Tanzania’s Zanzibar Island is helping Ukrainians stranded by the Russian invasion

Authorities on Tanzania’s semi-autonomous island of Zanzibar are helping at least 900 Ukrainian tourists stranded in Ukraine after Russia’s invasion.

Zanzibar’s President Hussein Mwinyi said Monday they would help about 900 Ukrainians who were vacationing there when Russia invaded their country last week.

Authorities said the Ukrainians could not return home safely but could not stay on the Tanzanian island as local media reported they were running out of money.

In comments to the press, Mwinyi said they have started discussions with hotel owners about how they can help these people. He said they would help Ukrainians until their government was ready to come to their aid.

Authorities said they were communicating with the Ukrainian embassy in neighboring Kenya to try to evacuate the tourists to Ukraine’s neighboring country of Poland.

Officials at the Embassy of Ukraine in Kenya said: “Zanzibar is a fairly popular tourist destination for Ukrainian nationals, so it was clear there would be a problem. We contacted the tour operators who were sending the tourists to Zanzibar… We realize that. We have about 1,000 people – we got in touch with Zanzibar to see the possible actions and ways the Tanzanian government could work with the Zanzibars can to protect our nationals.

Poland’s foreign minister said Tuesday they have taken in 400,000 Ukrainians who have fled to safety since the Russian invasion.

According to the United Nations High Commissioner for Refugees (UNHCR), more than 660,000 Ukrainians have fled the invasion to neighboring countries over the past six days.

The East African nation reported on Tuesday that Ukraine’s ambassador to Kenya will meet Zanzibar’s stranded tourists and officials.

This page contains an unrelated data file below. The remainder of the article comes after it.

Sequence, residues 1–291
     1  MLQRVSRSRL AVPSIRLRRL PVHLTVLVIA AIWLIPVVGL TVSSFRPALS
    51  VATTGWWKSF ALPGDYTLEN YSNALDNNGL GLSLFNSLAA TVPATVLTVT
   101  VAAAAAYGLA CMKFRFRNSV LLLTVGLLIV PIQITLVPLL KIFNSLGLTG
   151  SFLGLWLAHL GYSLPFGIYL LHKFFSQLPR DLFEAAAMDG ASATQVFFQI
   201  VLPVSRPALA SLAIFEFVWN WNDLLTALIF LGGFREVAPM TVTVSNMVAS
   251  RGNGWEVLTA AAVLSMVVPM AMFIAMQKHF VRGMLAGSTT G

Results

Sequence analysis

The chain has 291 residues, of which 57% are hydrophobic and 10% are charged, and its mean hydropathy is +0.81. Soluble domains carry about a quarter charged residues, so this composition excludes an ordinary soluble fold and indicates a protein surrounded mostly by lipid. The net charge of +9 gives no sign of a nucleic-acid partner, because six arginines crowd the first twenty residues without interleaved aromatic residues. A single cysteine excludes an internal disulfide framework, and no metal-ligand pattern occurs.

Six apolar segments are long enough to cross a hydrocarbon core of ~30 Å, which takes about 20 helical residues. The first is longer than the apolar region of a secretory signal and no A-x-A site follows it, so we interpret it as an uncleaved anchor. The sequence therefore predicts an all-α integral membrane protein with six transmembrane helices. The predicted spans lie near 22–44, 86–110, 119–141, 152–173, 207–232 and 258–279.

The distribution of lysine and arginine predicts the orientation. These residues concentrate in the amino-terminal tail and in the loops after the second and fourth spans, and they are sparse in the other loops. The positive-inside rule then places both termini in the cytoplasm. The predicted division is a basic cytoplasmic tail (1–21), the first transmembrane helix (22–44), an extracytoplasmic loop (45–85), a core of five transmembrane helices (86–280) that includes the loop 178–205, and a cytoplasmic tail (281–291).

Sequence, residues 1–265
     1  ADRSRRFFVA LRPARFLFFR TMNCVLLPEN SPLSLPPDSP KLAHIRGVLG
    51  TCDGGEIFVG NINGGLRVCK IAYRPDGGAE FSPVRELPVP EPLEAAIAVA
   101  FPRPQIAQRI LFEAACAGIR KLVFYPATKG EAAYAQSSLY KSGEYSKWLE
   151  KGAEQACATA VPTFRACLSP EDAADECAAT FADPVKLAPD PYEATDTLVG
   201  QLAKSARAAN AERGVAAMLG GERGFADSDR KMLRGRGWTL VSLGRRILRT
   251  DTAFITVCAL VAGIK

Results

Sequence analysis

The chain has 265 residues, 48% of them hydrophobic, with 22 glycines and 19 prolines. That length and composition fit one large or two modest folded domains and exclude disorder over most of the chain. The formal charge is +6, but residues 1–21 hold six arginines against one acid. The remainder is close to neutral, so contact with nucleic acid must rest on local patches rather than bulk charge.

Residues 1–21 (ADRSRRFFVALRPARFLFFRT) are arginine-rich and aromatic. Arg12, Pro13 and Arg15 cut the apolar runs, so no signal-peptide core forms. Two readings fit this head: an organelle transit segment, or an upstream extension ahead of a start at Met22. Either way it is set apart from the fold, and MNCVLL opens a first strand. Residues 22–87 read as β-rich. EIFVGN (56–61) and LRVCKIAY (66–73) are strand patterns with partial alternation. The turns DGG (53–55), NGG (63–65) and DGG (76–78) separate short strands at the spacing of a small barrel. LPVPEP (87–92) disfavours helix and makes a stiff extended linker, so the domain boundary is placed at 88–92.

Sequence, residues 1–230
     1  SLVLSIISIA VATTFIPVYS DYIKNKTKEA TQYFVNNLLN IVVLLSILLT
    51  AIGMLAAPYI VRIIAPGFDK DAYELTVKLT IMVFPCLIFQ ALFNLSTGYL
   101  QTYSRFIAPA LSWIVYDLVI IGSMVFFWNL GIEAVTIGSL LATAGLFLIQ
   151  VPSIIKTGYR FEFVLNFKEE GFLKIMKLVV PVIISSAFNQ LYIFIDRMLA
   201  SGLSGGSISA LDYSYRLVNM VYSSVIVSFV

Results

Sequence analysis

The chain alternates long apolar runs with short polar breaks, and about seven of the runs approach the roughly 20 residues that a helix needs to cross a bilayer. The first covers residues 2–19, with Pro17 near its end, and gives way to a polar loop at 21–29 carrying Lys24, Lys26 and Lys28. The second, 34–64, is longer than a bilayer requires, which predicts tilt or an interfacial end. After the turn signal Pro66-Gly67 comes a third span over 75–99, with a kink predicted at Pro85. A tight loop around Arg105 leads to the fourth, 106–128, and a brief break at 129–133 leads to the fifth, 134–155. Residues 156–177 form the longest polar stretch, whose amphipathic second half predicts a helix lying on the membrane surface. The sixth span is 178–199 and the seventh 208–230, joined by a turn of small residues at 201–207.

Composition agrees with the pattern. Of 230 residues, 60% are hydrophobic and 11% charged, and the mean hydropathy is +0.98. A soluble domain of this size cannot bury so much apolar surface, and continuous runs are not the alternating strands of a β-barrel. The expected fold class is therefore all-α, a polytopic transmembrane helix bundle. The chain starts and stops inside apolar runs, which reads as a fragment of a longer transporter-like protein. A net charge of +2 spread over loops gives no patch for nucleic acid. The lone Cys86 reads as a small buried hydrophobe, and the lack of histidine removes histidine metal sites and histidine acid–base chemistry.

FILE – Fishermen throw an approach into the sea during sunset in Zanzibar’s Stone Town on October 26, 2005.

Zanzibar’s beaches and historic Stone Town attract around half a million tourists each year and account for 30% of the semi-autonomous island’s output.

According to the Zanzibar Ministry of Tourism, in 2020 the country received more than 2,300 Ukrainian tourists and more than 18,000 Russian tourists.

Some in the industry fear that Russia’s war against Ukraine could have a negative impact on tourism.

Theresia Cosmas is Tourism Officer at the College of African Wildlife Management in Tanzania.

Cosmas said the fighting is already affecting Zanzibar as foreign revenue will fall as Zanzibar receives many tourists from different parts of the world including these two countries.

Tanzania last week urged its few hundred citizens living in Ukraine to leave the country.

The United Nations said more than 136 civilians have been killed in Ukraine since the Russian military invaded and began attacking Ukrainian military and civilian areas.

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